nep-cbe New Economics Papers
on Cognitive and Behavioural Economics
Issue of 2016‒04‒09
sixteen papers chosen by
Marco Novarese
Università degli Studi del Piemonte Orientale

  1. Categorization and Coordination By Vessela Daskalova; Nicolaas J. Vriend; ;
  2. Corruption, Norm Violation and Decay in Social Capital By Banerjee, Ritwik
  3. Count To Ten Before YouTrade: Evidence On The Role Of Deliberation In Experimental Financial Markets By Giovanni Ferri; Matteo Ploner; Matteo Rizzolli
  4. Psychological Momentum and Gender By Cohen-Zada, Danny; Krumer, Alex; Shtudiner, Ze'ev
  5. Network Cognition By Roberta Dessi; Edoardo Gallo; Sanjeev Goyal;
  6. Smart-Dating in Speed-Dating: How a Simple Search Model Can Explain Matching Decisions By Lucas Herrenbrueck; Xiaoyu Xia; Paul Eastwick; Eli Finkel; Chin Ming Hui
  7. The Sensitive Nature of Social Trust to Intelligence By Kodila-Tedika, Oasis; Asongu, Simplice; Azia-Dimbu, Florentin
  8. What You Don't Know... Can't Hurt You? A Field Experiment on Relative Performance Feedback in Higher Education By Azmat, Ghazala; Bagues, Manuel F.; Cabrales, Antonio; Iriberri, Nagore
  9. Unleashing Animal Spirits - Self-Control and Overpricing in Experimental Asset Markets By Kocher, Martin G.; Lucks, Konstantin E.; Schindler, David
  10. How Do Agents React to Dynamic Wage Increases? An Experimental Study By Sliwka, Dirk; Werner, Peter
  11. Procedures for Eliciting Time Preferences By Freeman, David; Manzini, Paola; Mariotti, Marco; Mittone, Luigi
  12. First-place loving and last-place loathing: How rank in the distribution of performance affects effort provision By David Gill; Victoria Prowse; Zdenka Kissova; Jaesun Lee
  13. Efficiency Measurement via Revealed Thresholds, Without Knowing Valuations By Ronald M. Harstad
  14. Weather and the Psychology of Purchasing Outdoor-Movie Tickets By Buchheim, Lukas; Kolaska, Thomas
  15. Do not incentivize eco-friendly behavior - Go for a competition to go green! By Christoph Bühren; Maria Daskalakis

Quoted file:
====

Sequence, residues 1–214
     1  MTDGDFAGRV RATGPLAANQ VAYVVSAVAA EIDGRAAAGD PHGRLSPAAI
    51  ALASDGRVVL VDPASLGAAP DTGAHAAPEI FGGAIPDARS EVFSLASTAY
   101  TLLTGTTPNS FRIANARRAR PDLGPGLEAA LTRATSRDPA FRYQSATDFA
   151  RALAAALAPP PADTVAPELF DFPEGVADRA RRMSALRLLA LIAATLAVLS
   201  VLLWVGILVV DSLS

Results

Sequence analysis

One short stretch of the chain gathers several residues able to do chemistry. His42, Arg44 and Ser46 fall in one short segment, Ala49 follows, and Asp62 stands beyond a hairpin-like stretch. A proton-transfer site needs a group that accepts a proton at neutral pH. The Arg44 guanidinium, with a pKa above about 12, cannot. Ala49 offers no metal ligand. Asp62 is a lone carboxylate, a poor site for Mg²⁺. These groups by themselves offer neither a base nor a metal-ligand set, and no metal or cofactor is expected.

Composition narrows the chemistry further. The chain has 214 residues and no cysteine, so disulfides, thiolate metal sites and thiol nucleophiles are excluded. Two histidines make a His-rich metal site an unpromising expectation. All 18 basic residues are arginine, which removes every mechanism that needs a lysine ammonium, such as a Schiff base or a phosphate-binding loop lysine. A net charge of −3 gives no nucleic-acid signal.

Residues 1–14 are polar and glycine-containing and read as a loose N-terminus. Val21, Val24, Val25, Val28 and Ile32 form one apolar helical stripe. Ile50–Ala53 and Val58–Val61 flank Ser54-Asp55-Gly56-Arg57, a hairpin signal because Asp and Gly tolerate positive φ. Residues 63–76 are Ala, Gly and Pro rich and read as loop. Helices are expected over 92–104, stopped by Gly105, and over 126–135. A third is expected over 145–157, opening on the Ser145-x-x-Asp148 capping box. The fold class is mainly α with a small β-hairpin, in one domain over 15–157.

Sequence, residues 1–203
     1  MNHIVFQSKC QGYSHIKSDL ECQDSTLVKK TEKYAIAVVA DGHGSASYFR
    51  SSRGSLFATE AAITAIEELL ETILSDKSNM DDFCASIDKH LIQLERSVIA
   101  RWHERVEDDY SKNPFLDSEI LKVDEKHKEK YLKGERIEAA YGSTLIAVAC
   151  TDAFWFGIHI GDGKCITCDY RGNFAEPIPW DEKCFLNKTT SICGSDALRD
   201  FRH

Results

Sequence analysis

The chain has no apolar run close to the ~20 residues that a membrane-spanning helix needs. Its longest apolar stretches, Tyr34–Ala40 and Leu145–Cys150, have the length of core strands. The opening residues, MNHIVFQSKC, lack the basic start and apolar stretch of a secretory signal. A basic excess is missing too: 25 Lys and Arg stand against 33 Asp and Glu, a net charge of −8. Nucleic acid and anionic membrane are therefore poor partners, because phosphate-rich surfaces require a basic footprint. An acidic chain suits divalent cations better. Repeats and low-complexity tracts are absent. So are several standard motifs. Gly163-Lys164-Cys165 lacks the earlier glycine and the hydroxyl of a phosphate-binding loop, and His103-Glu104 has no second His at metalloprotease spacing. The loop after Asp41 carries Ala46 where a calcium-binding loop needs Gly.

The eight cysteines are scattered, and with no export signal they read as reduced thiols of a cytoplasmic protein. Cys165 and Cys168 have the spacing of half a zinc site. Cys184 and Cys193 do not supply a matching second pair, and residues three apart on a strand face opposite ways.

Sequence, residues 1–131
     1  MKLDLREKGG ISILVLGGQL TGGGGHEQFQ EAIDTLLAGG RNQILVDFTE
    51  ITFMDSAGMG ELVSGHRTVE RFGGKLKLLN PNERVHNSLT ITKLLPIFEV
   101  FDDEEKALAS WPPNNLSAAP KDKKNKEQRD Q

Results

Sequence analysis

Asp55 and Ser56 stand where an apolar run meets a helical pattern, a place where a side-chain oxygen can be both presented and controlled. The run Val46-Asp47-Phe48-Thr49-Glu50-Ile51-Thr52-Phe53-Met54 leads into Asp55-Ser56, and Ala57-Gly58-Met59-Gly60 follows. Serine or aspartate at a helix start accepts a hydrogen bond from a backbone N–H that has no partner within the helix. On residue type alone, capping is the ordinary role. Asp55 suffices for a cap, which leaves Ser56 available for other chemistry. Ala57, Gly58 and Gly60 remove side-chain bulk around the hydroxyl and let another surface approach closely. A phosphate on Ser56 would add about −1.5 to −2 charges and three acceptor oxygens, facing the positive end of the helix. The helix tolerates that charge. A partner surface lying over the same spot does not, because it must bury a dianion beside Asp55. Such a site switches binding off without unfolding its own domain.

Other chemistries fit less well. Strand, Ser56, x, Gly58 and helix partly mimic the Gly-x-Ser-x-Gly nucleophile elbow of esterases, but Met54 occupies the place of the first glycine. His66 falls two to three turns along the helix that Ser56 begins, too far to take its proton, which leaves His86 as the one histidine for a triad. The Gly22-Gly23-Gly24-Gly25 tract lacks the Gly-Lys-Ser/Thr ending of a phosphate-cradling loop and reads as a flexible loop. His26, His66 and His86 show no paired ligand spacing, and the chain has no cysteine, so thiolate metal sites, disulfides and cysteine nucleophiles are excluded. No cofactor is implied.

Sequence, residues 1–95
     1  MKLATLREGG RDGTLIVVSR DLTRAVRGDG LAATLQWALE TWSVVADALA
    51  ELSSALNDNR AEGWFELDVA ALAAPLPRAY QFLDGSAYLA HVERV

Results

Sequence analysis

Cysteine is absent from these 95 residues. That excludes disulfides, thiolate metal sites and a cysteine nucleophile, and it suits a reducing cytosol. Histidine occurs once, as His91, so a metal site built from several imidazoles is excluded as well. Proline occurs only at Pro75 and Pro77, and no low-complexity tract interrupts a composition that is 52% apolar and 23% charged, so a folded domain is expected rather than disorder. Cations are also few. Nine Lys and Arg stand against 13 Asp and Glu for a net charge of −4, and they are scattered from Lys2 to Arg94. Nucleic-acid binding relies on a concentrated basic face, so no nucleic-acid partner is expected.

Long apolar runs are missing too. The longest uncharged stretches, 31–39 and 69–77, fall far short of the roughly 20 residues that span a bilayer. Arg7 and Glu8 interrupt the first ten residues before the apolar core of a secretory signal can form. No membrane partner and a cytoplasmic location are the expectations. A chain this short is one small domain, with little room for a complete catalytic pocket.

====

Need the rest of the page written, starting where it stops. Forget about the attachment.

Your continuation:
16. Social Comparisons and Attitudes towards Foreigners. Evidence from the ‘Fall of the Iron Curtain’ By Walter Hyll; Lutz Schneider

  1. By: Vessela Daskalova; Nicolaas J. Vriend; ;
    Abstract: The use of coarse categories is prevalent in various situations and has been linked to biased economic outcomes, ranging from discrimination against minorities to empirical anomalies in financial markets. In this paper we study economic rationales for categorizing coarsely. We think of the way one categorizes one's past experiences as a model of the world that is used to make predictions about unobservable attributes in new situations. We first show that coarse categorization may be optimal for making predictions in stochastic environments in which an individual has a limited number of past experiences. Building on this result, and this is a key new insight from our paper, we show formally that cases in which people have a motive to coordinate their predictions with others may provide an economic rationale for categorizing coarsely. Our analysis explains the intuition behind this rationale.
    Keywords: categorization, prediction, decision-making, coordination, learning.
    JEL: D83 C72
    Date: 2014–06–30
  2. By: Banerjee, Ritwik (Indian Institute of Management)